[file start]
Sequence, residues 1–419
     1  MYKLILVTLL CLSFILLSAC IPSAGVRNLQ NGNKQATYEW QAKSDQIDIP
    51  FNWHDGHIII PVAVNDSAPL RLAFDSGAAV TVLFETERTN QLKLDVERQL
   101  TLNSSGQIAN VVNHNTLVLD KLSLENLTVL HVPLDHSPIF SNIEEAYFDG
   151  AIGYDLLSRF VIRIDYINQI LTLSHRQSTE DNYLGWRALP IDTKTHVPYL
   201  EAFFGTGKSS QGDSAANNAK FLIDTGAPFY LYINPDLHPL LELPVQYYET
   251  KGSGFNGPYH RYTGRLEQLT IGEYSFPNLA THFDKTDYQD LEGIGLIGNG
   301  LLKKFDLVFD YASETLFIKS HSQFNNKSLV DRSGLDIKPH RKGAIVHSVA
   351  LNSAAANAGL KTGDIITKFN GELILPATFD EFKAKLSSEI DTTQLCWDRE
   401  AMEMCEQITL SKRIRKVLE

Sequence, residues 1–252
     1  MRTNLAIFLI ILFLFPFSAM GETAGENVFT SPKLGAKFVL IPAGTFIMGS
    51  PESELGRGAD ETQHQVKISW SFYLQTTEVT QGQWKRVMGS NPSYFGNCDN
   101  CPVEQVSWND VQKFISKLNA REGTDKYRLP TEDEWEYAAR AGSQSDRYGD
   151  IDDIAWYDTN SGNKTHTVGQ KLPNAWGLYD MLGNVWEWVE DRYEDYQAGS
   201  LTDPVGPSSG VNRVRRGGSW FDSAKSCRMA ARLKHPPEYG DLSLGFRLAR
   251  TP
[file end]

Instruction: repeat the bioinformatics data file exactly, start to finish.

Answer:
Sequence, residues 1–419
     1  MYKLILVTLL CLSFILLSAC IPSAGVRNLQ NGNKQATYEW QAKSDQIDIP
    51  FNWHDGHIII PVAVNDSAPL RLAFDSGAAV TVLFETERTN QLKLDVERQL
   101  TLNSSGQIAN VVNHNTLVLD KLSLENLTVL HVPLDHSPIF SNIEEAYFDG
   151  AIGYDLLSRF VIRIDYINQI LTLSHRQSTE DNYLGWRALP IDTKTHVPYL
   201  EAFFGTGKSS QGDSAANNAK FLIDTGAPFY LYINPDLHPL LELPVQYYET
   251  KGSGFNGPYH RYTGRLEQLT IGEYSFPNLA THFDKTDYQD LEGIGLIGNG
   301  LLKKFDLVFD YASETLFIKS HSQFNNKSLV DRSGLDIKPH RKGAIVHSVA
   351  LNSAAANAGL KTGDIITKFN GELILPATFD EFKAKLSSEI DTTQLCWDRE
   401  AMEMCEQITL SKRIRKVLE

Sequence, residues 1–252
     1  MRTNLAIFLI ILFLFPFSAM GETAGENVFT SPKLGAKFVL IPAGTFIMGS
    51  PESELGRGAD ETQHQVKISW SFYLQTTEVT QGQWKRVMGS NPSYFGNCDN
   101  CPVEQVSWND VQKFISKLNA REGTDKYRLP TEDEWEYAAR AGSQSDRYGD
   151  IDDIAWYDTN SGNKTHTVGQ KLPNAWGLYD MLGNVWEWVE DRYEDYQAGS
   201  LTDPVGPSSG VNRVRRGGSW FDSAKSCRMA ARLKHPPEYG DLSLGFRLAR
   251  TP